Under the contract, Camstoll would consult Outlook on “issues pertaining to illicit financial networks, and developing and implementing strategies to combat illicit financial activity.” In its registration as a foreign agent, Camstoll reported that it “has conducted outreach to think tanks, business interests, government officials, media, and other leaders in the United States regarding issues related to illicit financial activity.”

Camstoll’s “public disclosure forms showed a pattern of conversations with journalists who subsequently wrote articles critical of Qatar’s role in terrorist fund-raising,” The New York Times reported. Camstoll reported multiple conversations with reporters of The New York Times, The Washington Post, The Daily Beast, Dow Jones News Wires, Financial Times, Bloomberg News, CNN and the Washington Free Beacon.

The lobbying effort resulted among others in a Daily Beast feature entitled ‘U.S. Spies Worry Qatar Will ‘Magically Lose Track’ of Released Taliban’ that asserted that Qatar’s track record is troubling” and that “the emirate is a good place to raise money for terrorist organizations”; a CNN special report asking ‘Is Qatar a haven for terror funding?’ The Washington Post carried stories reporting that “private Qatar-based charities have taken a more prominent role in recent weeks in raising cash and supplies for Islamist extremists in Syria,” there was “increasing U.S. concern about the role of Qatari individuals and charities in supporting extreme elements within Syria’s rebel alliance” and linked the Qatari royal family to a professor and U.S. foreign policy critic alleged by the U.S. government to be “working secretly as a financier for al-Qaeda.”

One Washington Post story quoted among others “a former U.S. official who specialized in tracking Gulf-based jihadist movements and who spoke on the condition of anonymity because much of his work for the government was classified.” The description of the source appeared to fit the bios of Camstoll executives, including the company’s owner, Matthew Epstein, a former Treasury Department official who served as its financial attaché to Saudi Arabia and the UAE; Howard Mendelsohn, former Acting Assistant Secretary of Treasury, who according to a US State Department cable “met with senior officials from the UAE’s State Security Department (SSD) and Dubai’s General Department of State Security (GDSS)” to coordinate disruption of Taliban financing, and other former Treasury officials who had been contact with Israel regarding their strategy to counter funding of Palestinian groups.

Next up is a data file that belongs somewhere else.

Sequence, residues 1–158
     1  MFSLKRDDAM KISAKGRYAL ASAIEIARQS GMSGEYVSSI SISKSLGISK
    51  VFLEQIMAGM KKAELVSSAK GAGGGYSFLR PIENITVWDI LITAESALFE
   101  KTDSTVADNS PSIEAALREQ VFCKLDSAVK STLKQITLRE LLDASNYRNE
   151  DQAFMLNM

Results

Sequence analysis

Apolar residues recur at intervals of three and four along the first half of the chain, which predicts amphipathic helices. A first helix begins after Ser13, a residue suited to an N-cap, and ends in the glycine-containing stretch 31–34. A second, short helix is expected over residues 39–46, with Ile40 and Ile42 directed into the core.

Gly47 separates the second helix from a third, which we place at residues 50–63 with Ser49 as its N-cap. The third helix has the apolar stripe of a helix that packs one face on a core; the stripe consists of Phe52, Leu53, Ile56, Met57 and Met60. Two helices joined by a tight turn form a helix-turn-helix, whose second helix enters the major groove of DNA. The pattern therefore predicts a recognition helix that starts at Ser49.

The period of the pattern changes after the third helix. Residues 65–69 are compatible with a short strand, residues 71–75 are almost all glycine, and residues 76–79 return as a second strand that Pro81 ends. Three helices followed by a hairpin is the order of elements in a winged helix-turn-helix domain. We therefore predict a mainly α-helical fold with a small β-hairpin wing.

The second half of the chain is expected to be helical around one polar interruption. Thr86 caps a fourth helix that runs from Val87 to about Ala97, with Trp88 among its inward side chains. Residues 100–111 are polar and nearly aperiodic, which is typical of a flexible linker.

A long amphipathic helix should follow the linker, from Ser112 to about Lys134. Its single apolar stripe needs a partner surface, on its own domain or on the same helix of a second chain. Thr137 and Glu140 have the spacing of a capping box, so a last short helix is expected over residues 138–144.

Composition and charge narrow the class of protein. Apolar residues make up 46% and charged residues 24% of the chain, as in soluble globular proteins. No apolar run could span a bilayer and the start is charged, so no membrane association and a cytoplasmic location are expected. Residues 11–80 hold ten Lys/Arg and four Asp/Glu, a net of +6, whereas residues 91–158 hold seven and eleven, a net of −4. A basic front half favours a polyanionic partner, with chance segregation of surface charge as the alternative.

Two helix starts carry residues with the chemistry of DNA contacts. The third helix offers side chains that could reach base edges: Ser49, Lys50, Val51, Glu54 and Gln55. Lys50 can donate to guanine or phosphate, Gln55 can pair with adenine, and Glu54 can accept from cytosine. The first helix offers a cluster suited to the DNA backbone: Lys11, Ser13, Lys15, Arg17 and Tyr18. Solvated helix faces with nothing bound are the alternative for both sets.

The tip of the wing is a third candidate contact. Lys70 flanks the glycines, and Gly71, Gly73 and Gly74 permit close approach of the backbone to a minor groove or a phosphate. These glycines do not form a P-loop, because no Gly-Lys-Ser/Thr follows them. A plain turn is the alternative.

In disclosing the UAE’s efforts to influence US media reporting on Qatar, The Intercept’s Greenwald argued that “the point here is not that Qatar is innocent of supporting extremists… The point is that this coordinated media attack on Qatar — using highly paid former U.S. officials and their media allies — is simply a weapon used by the Emirates, Israel, the Saudis and others to advance their agendas… What’s misleading isn’t the claim that Qatar funds extremists but that they do so more than other U.S. allies in the region (a narrative implanted at exactly the time Qatar has become a key target of Israel and the Emirates). Indeed, some of Qatar’s accusers here do the same to at least the same extent, and in the case of the Saudis, far more so.”

Qatar’s response to the media campaign against it was illustrative of its ineptitude in fighting its public relations and public diplomacy battles, clumsiness in developing communication strategies, meek denials of various accusations, and failure to convincingly defend its controversial policies. In a bid to counter its World Cup critics, Qatar contracted Portland Communications founded by Tony Allen, a former adviser to Tony Blair when he was prime minister, according to Britain’s Channel 4 News.